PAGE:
UMM was originally a Section in the General Board of Discipleship. After much squabbling, they became a Division. But the UMM guys were never happy in GBOD. They fought a lot with the General Secretary. For one thing, UMM had this habit of spawning independent organizations in control of their own money. The National Association of Conference Presidents of UM Men, for example. And the UM Men Foundation. And NAUMS. The General Secretary didn’t like this. The Men dreamed of having their own Agency. It would be independent. It would be theirs: their treehouse, where no one could tell them what to do.
In the meantime, they got involved in Scouting ministry when whatever Division was nominally in charge of maintaining the charter partner relationship with BSA dropped the portfolio. BSA was alarmed; they no longer had a partner in the UM bureaucracy. The Men offered to pick up the portfolio – to their very great credit. I mean it. Whatever you may see me write about UM Men, believe this: they deserve every Scouter’s thanks for picking up the charter relationship with BSA and trying to build on it. In fact, they decided that they would expand it. They would not only relate to BSA, but to the Girl Scouts, too. And 4-H. And Campfire. They would set out to do ministry with and through them all. And they would raise the money to endow a position so that never again would The UMC not have someone in charge of Scouting ministry.
To help raise the money and to guide the program in the meantime, they created NAUMS c. 1982. NAUMS is an independent non-profit corporation chartered in the State of Tennessee. The NAUMS Board acted as an advisory board for Scouting ministry. The officers led the program. NAUMS members staffed Jamborees, taught training courses at Philmont and at GBOD, and developed a new approach to doing ministry through a group of programs with similar but often proprietary terminologies. BSA loaned us an executive who acted as our first National Director while we raised the money for the Scouting endowment. UM Men’s groups did bowlathons and other fund-raisers to reach the goal of a paid Director of Scouting Ministries. NAUMS sold Life Memberships the way UM Men sell John Wesley Fellowships, and Life dues went directly to the Scouting endowment.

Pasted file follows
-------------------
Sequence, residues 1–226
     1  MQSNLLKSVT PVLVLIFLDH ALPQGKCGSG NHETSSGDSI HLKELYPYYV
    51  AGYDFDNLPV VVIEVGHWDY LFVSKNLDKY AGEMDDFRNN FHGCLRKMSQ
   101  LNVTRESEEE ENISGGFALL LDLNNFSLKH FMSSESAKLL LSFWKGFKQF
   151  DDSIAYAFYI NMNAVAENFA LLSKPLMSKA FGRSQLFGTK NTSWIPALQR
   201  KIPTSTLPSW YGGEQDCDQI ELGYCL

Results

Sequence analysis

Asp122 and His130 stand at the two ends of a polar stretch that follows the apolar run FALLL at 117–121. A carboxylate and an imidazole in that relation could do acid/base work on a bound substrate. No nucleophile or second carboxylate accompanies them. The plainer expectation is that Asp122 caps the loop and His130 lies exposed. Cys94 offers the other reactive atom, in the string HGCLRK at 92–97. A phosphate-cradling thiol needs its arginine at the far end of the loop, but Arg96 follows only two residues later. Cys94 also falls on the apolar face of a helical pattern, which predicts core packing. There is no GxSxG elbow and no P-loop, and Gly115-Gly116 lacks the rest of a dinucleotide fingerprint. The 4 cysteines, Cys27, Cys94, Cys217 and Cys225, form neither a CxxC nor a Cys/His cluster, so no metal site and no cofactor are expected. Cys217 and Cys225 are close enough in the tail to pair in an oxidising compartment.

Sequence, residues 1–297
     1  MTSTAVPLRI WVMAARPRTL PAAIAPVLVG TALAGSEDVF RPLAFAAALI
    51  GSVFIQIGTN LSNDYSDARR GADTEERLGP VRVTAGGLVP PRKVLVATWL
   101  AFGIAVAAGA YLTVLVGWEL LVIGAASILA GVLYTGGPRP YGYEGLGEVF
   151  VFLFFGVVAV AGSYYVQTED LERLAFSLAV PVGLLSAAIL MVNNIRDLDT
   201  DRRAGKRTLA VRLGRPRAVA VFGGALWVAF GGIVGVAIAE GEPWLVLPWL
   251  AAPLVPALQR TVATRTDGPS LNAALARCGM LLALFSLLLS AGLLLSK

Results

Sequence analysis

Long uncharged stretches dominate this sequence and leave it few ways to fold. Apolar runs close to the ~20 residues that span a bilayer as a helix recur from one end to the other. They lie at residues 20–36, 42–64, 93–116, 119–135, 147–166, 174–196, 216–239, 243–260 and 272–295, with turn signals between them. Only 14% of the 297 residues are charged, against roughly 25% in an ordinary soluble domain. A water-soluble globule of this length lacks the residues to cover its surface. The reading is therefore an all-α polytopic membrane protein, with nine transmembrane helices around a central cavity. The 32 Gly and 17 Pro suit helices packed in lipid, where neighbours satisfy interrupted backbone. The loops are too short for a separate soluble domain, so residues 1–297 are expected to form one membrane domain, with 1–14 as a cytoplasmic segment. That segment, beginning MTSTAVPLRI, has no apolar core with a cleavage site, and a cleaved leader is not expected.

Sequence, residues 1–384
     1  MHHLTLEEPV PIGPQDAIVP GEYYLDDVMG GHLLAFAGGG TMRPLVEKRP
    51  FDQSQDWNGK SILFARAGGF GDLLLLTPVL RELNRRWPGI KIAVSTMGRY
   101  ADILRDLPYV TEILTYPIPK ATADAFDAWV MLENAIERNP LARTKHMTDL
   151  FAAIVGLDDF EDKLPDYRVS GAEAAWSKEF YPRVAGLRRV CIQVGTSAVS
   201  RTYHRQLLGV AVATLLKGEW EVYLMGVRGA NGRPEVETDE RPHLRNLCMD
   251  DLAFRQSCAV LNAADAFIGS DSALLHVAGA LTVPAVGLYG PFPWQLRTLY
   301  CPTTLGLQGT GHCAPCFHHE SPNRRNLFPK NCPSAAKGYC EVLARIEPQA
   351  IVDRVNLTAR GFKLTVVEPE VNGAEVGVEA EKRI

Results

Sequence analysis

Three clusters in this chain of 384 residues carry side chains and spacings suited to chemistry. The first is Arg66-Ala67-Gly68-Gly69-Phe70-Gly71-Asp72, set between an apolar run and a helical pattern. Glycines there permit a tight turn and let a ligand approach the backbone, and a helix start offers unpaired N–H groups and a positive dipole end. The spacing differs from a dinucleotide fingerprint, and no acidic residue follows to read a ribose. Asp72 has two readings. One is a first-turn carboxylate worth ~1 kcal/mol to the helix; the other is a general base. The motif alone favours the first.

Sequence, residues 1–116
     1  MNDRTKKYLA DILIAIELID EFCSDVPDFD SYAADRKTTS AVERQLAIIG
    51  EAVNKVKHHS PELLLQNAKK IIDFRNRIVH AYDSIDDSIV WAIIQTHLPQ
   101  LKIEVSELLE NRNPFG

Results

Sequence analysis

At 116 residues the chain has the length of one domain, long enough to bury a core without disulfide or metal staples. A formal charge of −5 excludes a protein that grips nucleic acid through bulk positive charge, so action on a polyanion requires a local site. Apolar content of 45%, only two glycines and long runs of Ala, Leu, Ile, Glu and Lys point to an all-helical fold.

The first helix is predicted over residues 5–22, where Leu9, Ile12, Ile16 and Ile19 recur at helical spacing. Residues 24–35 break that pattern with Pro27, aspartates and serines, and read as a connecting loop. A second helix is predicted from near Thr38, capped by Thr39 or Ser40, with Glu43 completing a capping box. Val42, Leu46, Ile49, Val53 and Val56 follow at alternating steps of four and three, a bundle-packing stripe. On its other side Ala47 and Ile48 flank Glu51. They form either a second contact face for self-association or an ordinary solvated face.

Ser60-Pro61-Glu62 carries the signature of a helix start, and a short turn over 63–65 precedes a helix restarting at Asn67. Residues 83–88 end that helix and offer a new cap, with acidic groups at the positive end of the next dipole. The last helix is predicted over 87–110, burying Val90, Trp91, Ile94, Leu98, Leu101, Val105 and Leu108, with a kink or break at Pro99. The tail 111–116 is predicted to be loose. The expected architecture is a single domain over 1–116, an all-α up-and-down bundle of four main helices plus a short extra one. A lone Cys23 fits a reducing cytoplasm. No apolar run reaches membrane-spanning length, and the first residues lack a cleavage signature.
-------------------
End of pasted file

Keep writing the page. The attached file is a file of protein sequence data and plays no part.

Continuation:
In 1992, GBOD hired the Rev. Byron White as our first paid Director of Scouting Ministries. Byron took the NAUMS Board as his basic working group and lots of good stuff was done. The UMC passed the LDS Church to become the Number One charter partner of BSA. The terminology wrangle was decided by the strategic decision to adapt Methodese rather than constantly code-switching among BSA models and the others’. We talked ministry and making disciples, not “scouting.”
But the contentiousness in UMM was getting worse. The UMM leadership was ready to try for their own agency, which they achieved at GC 1996 by promising that they would be self-supporting in four years (which was preposterous*). At any rate, General Conference created GCUMM, which then set about divorcing itself from GBOD. The bitterness of that divorce is only now subsiding. One of the “children” doomed to grow up dealing with custody issues was the Upper Room Prayer Line, which the Men agreed to continue funding, but which remains under GBOD ownership. Creating the Commission doomed Byron White’s ministry. He was seen as the GBOD’s man. In the end, three new executive staff were hired. Joe Harris was hired as General Secretary, Larry Malone was hired as Director of Men’s Ministries, and Larry Coppock was hired as Director of CYSA/Scouting.
Joe Harris said he wanted all three staff members to be proficient and available in both Men’s and Scouting ministry. He didn’t want anybody to do only his thing. But so far as I know, Joe Harris never did anything with Scouting ministry, nor did Larry Malone. But by saying that all the programs would be resourced by all the staff, cover was achieved for a creative bit of accounting in the hiring of Larry Coppock. Larry’s background was in professional Scouting and Catholic charities, but I think what made him attractive to GCUMM was his credentials in development – i.e., courting major gifts. In effect, Larry Coppock was to function as a sort of development director (if not with that title), but the Scouting Endowment maintained by the UMM Foundation was devoted to his place exclusively. So, we had a full-time General Secretary, a full-time Men’s Ministry Director, and a part-time Scouting Ministry/part-time Development Director. This was, if not unethical, at least devious. It meant that the one position actually endowed and more or less paying for itself was being used to build up the org to maintain the other positions.
The Scouters began to grumble about various things. Tensions developed. Now, the NAUMS Board is no more saintly, take them all in all, than any other collection of church leaders, and I’m not saying they were mere victims of the devious staff. They gave as good as they got sometimes. But there was, over everything, a sense that things were slipping. That the stuff we kept hearing about was not really what we wanted or needed. That we were becoming content at Number Two with BSA, to which position we had slipped and yet remain. And nobody knew why we seemed to be off-track, except to blame personalities. I think I know why, though. I think that GCUMM deliberately shorted their efforts in Scouting Ministry in order to keep their Treehouse viable. And then they turned on NAUMS and started to make them unwelcome in what they see as their private club.